Generally speaking, the anti-treaty side seized installations in the southern half of the country, and the National Army took control elsewhere. In Dublin, anti-treaty forces, led by Rory O’Connor, occupied the Four Courts and made it their headquarters. They also seized the Kildare Street Club, of which many Anglo-Irish gentry were members, as well as the hall where the Orange Order used to meet.
One has the sense that these buildings were chosen for their propaganda or symbolic value rather than for their military defensibility. Indeed, a preoccupation with symbolism underlay the problems of anti-treaty political thinking.
As said earlier, the majority of the IRA opposed the treaty. This was the case in Dublin too. Only 1,900 of the 4,400 IRA members in Dublin were pro-treaty. Yet when the fighting started, the National Army was able to dislodge the anti-treaty forces from their strongholds in Dublin quite quickly. The Four Courts was taken with the aid of artillery. The buildings held by anti-treaty forces in the vicinity of O’Connell Street were taken in a few days of building-to-building fighting, not unlike the fighting in Stalingrad 20 years later.
The National Army was able to mobilize the support of the country
Why was the war in Dublin over so quickly, when it dragged on in the rest of the country for 10 months?
The National Army may have been outnumbered at the outset of the war, but they were better equipped, with material supplied by the British. They also had much more support from the general public, which meant they had better intelligence.
They were better led, too. The Free State government had a clear sense of purpose, that of establishing the institutions of a new European state.
The anti-treaty side was, both militarily and mentally, on the defensive from the beginning, holding positions and waiting to be attacked rather than advancing to take positions held by the Free State.
The military wing of the anti-treaty formation, led by Liam Lynch, made the key decisions, and the civilian leadership of Éamon de Valera was almost completely sidelined. They were also fighting to defend something ephemeral, a republic proclaimed at the General Post Office in 1916, which had no government and no visible or tangible existence. It was an idea, not a reality.
In contrast, the Free State was established on the principle that civilian leadership was paramount over the army. When Michael Collins took over as chief of staff of the army, he handed over his position as president of the Executive Council to W. T. Cosgrave. Even when Michael Collins himself was killed in action in August 1922, there was a seamless transition of responsibilities.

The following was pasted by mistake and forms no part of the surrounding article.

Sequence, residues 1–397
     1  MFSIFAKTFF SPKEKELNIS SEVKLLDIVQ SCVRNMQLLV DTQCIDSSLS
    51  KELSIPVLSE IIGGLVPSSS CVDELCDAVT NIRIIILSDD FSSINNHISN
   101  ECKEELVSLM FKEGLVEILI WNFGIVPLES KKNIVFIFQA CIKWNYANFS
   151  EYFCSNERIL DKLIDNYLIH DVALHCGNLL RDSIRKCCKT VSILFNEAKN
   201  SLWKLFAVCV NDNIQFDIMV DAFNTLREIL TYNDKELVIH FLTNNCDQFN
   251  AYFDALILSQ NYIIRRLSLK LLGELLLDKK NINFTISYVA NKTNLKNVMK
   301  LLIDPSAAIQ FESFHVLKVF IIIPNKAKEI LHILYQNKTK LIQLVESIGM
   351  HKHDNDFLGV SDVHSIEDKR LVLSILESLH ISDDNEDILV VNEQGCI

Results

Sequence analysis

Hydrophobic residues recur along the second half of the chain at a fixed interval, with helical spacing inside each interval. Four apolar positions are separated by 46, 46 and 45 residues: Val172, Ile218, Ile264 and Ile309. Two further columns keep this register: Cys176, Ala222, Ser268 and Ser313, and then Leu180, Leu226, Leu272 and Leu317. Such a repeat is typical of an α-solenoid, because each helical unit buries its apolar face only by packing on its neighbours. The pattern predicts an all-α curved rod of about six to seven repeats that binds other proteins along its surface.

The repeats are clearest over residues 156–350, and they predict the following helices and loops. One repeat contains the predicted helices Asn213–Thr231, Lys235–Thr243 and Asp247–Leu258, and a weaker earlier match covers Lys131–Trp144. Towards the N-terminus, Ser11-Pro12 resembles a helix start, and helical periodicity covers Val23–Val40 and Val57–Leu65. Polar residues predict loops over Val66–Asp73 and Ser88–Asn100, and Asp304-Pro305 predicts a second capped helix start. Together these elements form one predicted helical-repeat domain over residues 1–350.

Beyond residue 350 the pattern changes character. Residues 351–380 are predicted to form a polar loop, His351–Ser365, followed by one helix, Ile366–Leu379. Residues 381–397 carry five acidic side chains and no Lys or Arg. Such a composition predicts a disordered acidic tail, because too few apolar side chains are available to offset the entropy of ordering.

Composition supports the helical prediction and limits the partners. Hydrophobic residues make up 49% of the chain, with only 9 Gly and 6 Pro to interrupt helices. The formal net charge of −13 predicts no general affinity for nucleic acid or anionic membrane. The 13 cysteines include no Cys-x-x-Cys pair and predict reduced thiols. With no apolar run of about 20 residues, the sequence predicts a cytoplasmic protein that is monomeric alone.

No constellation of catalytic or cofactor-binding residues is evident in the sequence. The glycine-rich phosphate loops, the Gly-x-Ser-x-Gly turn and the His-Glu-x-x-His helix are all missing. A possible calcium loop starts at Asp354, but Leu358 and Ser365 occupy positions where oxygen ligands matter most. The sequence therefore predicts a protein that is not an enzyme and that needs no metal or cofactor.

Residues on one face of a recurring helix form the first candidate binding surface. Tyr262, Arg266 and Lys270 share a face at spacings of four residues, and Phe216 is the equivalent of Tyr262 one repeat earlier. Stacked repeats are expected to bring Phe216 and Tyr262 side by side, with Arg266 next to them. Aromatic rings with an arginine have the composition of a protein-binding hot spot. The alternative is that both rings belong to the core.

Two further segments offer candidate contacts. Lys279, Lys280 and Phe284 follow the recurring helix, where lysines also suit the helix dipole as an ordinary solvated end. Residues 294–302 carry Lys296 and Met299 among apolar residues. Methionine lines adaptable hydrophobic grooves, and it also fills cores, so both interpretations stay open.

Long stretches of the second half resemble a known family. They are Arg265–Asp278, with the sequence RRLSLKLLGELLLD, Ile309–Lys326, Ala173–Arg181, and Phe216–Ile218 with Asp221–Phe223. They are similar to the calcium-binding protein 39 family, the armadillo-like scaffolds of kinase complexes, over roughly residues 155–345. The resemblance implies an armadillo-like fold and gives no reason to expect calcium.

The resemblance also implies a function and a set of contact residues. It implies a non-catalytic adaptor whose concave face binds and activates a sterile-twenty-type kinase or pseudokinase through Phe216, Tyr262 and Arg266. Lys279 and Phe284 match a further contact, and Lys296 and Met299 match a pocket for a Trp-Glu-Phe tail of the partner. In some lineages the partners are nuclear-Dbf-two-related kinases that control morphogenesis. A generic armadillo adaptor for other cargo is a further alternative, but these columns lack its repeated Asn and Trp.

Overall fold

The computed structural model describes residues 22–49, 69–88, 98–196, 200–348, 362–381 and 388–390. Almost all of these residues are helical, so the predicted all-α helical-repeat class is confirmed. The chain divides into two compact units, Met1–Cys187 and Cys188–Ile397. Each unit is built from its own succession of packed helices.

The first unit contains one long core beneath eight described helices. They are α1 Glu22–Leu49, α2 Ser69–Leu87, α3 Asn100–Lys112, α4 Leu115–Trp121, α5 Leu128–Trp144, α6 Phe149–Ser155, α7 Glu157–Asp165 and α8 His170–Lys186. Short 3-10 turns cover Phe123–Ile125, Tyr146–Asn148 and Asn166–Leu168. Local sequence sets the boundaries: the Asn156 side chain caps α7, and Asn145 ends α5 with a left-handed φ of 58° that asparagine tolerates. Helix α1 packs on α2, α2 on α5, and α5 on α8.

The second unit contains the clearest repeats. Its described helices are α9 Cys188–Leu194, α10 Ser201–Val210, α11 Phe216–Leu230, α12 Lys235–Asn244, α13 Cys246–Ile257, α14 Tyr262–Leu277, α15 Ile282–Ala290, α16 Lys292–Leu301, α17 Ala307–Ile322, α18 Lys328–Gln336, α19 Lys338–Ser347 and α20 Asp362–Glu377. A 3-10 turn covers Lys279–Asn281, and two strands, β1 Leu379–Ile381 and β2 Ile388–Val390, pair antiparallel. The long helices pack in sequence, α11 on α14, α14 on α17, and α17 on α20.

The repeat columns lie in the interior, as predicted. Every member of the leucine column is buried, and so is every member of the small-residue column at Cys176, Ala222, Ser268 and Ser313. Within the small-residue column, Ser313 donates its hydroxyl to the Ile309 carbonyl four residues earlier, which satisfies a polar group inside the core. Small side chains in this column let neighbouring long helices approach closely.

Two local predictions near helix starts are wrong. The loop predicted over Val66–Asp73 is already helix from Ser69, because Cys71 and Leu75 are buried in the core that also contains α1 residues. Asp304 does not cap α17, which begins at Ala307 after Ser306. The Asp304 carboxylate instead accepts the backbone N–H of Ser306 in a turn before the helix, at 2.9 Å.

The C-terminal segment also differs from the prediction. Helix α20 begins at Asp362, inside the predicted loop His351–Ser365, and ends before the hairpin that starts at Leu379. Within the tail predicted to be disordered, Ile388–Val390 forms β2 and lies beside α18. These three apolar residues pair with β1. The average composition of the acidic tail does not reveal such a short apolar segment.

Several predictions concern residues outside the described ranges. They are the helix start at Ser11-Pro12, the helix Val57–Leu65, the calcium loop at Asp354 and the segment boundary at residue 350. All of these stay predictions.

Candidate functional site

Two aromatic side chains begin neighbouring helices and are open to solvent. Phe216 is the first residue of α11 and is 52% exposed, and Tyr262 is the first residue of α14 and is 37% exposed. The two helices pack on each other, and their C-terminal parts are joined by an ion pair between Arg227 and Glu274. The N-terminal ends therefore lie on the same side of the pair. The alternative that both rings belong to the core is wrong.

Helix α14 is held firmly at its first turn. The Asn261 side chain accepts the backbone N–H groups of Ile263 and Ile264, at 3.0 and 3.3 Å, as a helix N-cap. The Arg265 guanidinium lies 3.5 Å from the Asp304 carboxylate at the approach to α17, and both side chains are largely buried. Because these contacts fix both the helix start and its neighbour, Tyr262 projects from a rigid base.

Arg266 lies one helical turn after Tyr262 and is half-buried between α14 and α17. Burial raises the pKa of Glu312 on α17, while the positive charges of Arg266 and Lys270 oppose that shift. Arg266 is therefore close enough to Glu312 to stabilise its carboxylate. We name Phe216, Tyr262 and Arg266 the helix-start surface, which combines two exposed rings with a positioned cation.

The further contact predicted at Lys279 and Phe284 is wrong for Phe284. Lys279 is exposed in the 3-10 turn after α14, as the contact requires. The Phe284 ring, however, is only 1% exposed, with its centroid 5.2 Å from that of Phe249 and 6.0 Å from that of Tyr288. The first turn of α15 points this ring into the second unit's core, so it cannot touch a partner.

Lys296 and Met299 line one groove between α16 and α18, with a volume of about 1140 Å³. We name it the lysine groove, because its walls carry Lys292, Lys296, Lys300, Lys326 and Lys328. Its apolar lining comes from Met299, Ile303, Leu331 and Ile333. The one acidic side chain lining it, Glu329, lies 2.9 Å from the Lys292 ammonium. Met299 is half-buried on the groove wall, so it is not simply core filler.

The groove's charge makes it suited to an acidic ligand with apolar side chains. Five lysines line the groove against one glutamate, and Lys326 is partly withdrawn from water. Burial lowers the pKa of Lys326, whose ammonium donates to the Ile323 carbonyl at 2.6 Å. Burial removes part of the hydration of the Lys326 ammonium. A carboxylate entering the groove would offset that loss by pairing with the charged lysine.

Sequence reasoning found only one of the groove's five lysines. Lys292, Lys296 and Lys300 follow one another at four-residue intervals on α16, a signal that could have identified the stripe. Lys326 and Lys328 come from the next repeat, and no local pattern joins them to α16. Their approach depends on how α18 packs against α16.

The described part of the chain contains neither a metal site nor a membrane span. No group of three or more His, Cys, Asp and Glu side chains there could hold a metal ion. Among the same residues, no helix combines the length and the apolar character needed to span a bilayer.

Soon, as a result of intense recruitment, the National Army would have a huge numerical advantage over the anti-treaty side.
Why was the Free State able to recruit so many troops, so quickly?
Only a small proportion of the population had been involved in the war of independence, and not everybody had voted for Sinn Féin in the 1918 election. This left a large pool from which soldiers could be recruited by the National Army. The National Army was also able to recruit among the unemployed, including those who had fought in the Great War.
The human costs of the war were high
This was a brutal and cruel civil war. The anti-treaty forces wanted to bankrupt the Free State by blowing up its infrastructure. One such plan was to blow up all the road and rail bridges leading to and from Dublin. This was a failure, and numerous anti-treaty prisoners were taken.
This book gives an account of the execution without trial of anti-treaty soldiers. Some of these executions were part of a planned campaign to intimidate the opponents of the treaty and get them to give up their armed resistance to it. The policy on executions without trial may have shortened the civil war, but it undermined the case that the Free State was fighting for. It was hard to justify, and no one was held to account for it.
Other actions were undertaken, on an unauthorized basis, by groups within the National Army that were out of control.
The worst case, in my mind, is the killing of Edwin Hughes, Brendan Holohan and John Rogers. These were unarmed teenagers caught distributing a leaflet in Drumcondra calling for the killing of Free State soldiers. The bodies of these young boys were found the next day in a quarry near Clondalkin.
All urban centers had been secured for the Free State by the end of August, but the fighting continued on a hit-and-run basis well into 1923, using tactics refined in the 1919–1921 war against the British. Unarmed civilians were targeted by both sides.
The anti-treaty forces finally gave up in May 1923, and they dumped their arms.
Although this book is subtitled “The Civil War in Dublin,” it gives a fairly full account of developments outside Dublin. It is a comprehensive piece of work and I recommend it.
I believe the civil war flowed from the war of independence, which in turn flowed from 1916, which was a response to the militarization of politics by the Ulster Volunteers. Violence begets violence. It rarely serves any useful purpose.
The views expressed in this article are the author’s own and do not necessarily reflect Fair Observer’s editorial policy.